Experts recommend that one should spend the minor part of the budget (some 15%) on the second item, and the major on the third.
Of course, you can always get inspired by how your rivals handle budget matters. For that, carry out a competition study: pick companies that are similar to yours, scrutinize their websites and social media profiles, and the content marketing strategy.
Please keep in mind that marketing expenses should be adequate to the market share your company holds. In other words, if you own a small local coffee shop, you are not supposed to invest as much in marketing as Starbucks. Scale it up or down!
Pro tip. If you have already carried out marketing campaigns, the best way to optimize the new ones is to analyze the results of the previous ones. For instance, check out ROI of different digital marketing channels. If the ROI of SMM campaigns is twice as high as that of email marketing, why not spend more on social media and restrain newsletters for a while?
Budgeting step by step
Let’s delve into the components of digital marketing. So, your budget will be spent on the following.
- Marketer’s salary. Your full-time marketer will develop and supervise fulfillment of the marketing strategy.
- Online presence (e.g. website development). At least, you need a landing page where you will describe your brand’s or product’s advantages.
- Creating engaging, valuable content with little (or, better, no) advertisement. The major cost item here is payroll for content makers and distributors: email marketers, SMM managers, copywriters, content marketers.
Pro tip. If your content projects are not scheduled or prioritized, you may want to outsource those tasks using the piece payment basis. Alternatively, involve part-time freelancers. Anyway, it will be less costly than hiring a full-time specialist.
Most platforms are ready to publish valuable content with little or no advertisement for free. Here are some examples of such platforms.
Creating selling content: video, images; texts for blogs, social and other media. Here we spend on compensations to authors, publishing, distribution, and software. While engaging content can be published on popular spaces for free, selling content is always subject to payment.
- Content creation software. You need to keep track of analytical data (you can use Google Analytics for that). Also, you will need social media management software (e.g. SMMPlanner), email newsletter management systems (e.g. MailChimp). For your website or blog, you will need a paid domain and hosting, platform, or CMS (learn more about starting a blog here).
- Targeted advertising on social media. The budget depends on social network, goals, industry, season (read about it here). It’s impossible to calculate expenses without profound knowledge of the company’s specifics, but here’s a rough example.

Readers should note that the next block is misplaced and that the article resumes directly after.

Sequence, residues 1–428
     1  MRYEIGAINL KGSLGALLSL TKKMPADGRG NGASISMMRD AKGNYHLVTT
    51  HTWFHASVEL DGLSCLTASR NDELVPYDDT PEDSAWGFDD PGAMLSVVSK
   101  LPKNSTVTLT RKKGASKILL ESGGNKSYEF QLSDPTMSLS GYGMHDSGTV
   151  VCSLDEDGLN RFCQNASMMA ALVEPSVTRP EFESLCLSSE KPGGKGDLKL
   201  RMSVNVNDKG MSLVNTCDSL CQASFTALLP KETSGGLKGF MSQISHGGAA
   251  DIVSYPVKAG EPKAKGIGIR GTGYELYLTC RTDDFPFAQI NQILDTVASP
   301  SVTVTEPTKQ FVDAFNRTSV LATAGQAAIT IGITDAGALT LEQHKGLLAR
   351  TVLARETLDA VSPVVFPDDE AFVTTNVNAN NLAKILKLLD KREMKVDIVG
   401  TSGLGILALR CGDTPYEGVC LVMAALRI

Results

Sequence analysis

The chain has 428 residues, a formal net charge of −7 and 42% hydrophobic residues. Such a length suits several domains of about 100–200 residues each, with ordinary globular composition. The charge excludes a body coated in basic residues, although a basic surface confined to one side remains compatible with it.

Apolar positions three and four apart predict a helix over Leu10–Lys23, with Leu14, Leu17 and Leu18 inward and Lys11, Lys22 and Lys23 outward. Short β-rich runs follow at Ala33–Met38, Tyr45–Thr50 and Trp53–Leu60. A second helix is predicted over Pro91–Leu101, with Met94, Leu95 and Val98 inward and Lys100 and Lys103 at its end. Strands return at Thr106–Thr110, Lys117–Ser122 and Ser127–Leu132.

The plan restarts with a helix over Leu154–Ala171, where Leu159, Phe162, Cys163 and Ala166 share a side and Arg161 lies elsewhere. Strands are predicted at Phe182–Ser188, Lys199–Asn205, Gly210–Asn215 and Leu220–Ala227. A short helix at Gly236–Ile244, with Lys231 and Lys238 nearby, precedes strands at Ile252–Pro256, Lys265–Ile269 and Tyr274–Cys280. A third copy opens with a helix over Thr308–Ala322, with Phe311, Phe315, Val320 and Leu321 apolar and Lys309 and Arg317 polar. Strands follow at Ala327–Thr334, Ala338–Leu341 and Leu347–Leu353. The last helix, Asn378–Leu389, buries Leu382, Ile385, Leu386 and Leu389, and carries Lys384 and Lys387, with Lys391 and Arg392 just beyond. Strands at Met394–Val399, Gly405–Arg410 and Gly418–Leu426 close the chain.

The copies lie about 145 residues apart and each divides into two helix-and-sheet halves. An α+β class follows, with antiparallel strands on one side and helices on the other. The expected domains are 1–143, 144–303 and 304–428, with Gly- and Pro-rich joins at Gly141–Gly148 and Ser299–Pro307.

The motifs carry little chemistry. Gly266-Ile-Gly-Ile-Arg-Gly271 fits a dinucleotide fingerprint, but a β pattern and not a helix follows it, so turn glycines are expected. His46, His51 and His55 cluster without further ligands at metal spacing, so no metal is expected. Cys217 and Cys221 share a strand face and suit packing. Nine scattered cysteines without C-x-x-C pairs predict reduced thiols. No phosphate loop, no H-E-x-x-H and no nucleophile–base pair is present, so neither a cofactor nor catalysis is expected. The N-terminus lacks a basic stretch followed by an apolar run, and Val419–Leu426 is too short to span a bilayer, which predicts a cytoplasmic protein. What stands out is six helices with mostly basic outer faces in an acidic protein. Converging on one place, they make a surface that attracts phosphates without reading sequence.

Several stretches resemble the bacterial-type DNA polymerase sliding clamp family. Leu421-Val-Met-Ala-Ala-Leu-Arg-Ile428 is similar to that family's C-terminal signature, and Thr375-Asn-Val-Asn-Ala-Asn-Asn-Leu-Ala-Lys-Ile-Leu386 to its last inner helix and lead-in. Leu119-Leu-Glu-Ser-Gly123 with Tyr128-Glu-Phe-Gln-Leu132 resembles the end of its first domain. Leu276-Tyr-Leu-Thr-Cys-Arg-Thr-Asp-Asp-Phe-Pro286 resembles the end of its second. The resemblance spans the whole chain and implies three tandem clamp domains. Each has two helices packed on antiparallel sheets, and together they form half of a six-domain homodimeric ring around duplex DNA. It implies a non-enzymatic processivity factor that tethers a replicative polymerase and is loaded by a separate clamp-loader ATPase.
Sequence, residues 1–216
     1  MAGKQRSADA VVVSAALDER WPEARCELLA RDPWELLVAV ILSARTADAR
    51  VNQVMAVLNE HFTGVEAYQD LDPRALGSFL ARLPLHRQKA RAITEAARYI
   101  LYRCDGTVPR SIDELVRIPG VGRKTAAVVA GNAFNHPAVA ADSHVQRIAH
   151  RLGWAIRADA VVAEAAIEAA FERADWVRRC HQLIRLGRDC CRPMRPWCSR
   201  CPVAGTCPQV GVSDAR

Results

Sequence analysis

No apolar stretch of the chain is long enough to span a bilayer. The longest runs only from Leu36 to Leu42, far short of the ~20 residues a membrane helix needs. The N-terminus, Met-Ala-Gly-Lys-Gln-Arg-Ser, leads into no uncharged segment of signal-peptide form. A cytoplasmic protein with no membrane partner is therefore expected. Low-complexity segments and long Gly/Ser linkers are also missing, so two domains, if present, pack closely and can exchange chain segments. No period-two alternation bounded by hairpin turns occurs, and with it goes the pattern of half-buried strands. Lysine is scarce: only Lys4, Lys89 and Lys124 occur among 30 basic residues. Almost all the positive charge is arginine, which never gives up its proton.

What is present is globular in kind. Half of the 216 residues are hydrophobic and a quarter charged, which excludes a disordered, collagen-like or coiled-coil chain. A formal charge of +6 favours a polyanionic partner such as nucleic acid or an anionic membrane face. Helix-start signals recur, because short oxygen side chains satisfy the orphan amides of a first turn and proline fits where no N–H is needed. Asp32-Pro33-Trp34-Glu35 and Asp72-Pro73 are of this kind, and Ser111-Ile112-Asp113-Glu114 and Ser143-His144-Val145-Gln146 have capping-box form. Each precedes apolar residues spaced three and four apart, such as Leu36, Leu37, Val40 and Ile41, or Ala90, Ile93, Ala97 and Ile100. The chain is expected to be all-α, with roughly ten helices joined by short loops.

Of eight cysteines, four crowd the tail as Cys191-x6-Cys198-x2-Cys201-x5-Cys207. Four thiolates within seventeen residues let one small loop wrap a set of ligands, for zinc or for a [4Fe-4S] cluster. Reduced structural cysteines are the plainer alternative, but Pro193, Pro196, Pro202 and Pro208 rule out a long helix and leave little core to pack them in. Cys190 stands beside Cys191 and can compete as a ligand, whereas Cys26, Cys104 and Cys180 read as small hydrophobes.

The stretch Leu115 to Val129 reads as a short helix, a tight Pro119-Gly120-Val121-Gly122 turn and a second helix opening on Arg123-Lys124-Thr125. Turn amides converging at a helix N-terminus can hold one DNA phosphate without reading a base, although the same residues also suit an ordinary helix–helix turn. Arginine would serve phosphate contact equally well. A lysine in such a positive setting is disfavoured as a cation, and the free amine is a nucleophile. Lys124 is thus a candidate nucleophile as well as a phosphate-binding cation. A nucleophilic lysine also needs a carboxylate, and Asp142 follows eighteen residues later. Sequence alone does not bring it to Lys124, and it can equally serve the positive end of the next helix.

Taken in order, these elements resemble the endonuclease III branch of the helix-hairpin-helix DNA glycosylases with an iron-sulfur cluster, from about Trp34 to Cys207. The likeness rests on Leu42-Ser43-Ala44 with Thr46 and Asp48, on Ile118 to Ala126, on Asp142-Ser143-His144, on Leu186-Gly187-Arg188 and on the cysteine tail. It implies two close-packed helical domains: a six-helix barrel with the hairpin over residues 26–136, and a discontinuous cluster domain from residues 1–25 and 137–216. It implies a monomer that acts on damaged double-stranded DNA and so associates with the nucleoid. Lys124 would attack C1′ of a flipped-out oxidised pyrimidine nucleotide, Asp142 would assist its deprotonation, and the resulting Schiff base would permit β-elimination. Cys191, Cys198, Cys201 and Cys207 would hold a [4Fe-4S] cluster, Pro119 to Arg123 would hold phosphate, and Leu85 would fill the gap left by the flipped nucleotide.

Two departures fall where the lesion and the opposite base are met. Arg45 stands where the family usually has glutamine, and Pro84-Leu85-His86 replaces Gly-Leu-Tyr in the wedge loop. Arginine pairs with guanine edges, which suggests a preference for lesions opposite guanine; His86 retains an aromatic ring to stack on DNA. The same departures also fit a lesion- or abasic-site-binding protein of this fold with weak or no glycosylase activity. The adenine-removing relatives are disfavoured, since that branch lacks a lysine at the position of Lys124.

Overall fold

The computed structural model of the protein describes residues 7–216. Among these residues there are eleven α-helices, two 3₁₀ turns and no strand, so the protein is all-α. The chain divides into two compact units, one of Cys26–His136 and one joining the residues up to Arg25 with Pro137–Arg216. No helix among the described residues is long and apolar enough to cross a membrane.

A company needs to acquire 500 clients in a month, each of which must buy a 200-ruble-worth product. Assume that one Facebook click will cost 1 dollar; 1% of users who clicked will contact the company (e.g. to learn more about the product). Of those, 10% will become clients and purchase the product. Eventually, the acquisition cost will be 1 dollar / 0.1 = 10 dollars. Multiply this value by the desirable number of customers, and you will get $5,000. This is the amount the company needs to invest in a social media promotion campaign to get 500 clients.
- There are other ways to acquire clients on social media. Firstly, promote your products in popular communities (or, alternatively, in small and niche communities with very loyal subscribers). You can do via Facebook Ads Manager. You can do it through a marketplace or contact community managers directly.
Secondly, you can find influencers that will promote the company on their blogs and test-drive the products. Blogger marketplaces like Epicstars may come in handy.
- Contextual advertising. This is a safe way to adapt to users’ search queries and sell products and services to the relevant audience. Contextual advertising campaigns are set up in accounts of advertising networks (e.g. Google Ads).
You will have to invest both in advertising and in paying a specialist who will set it up, pick keywords, identify the target audience, and design attention-grabbing ads. Again, that can be an outsourced specialist.
Google’s recommendations on working out an advertising campaign budget
Another way is publishing banners on pages of partner websites. You can do it either through marketplaces or by reaching out to website owners. It’s reasonable to compare the costs of both options.
- Content and website SEO. It’s the same as with contextual advertising specialists: hire a full-time SEO manager or outsource.
- CPA marketing. You will read more about it below.
While planning out the digital marketing budget, make sure you describe cost assessment for every item in detail. Monitor ROI of every marketing aspect.
CPA marketing budget
Affiliate marketing can be a great source of sales in terms of budgeting. It helps avoid expenses on testing advertising campaigns. Also, you don’t have to calculate client acquisition costs. This way, the CPA model can facilitate budgeting for advertisers. As a cherry on top, the CPA model usually shows high ROI (see example below).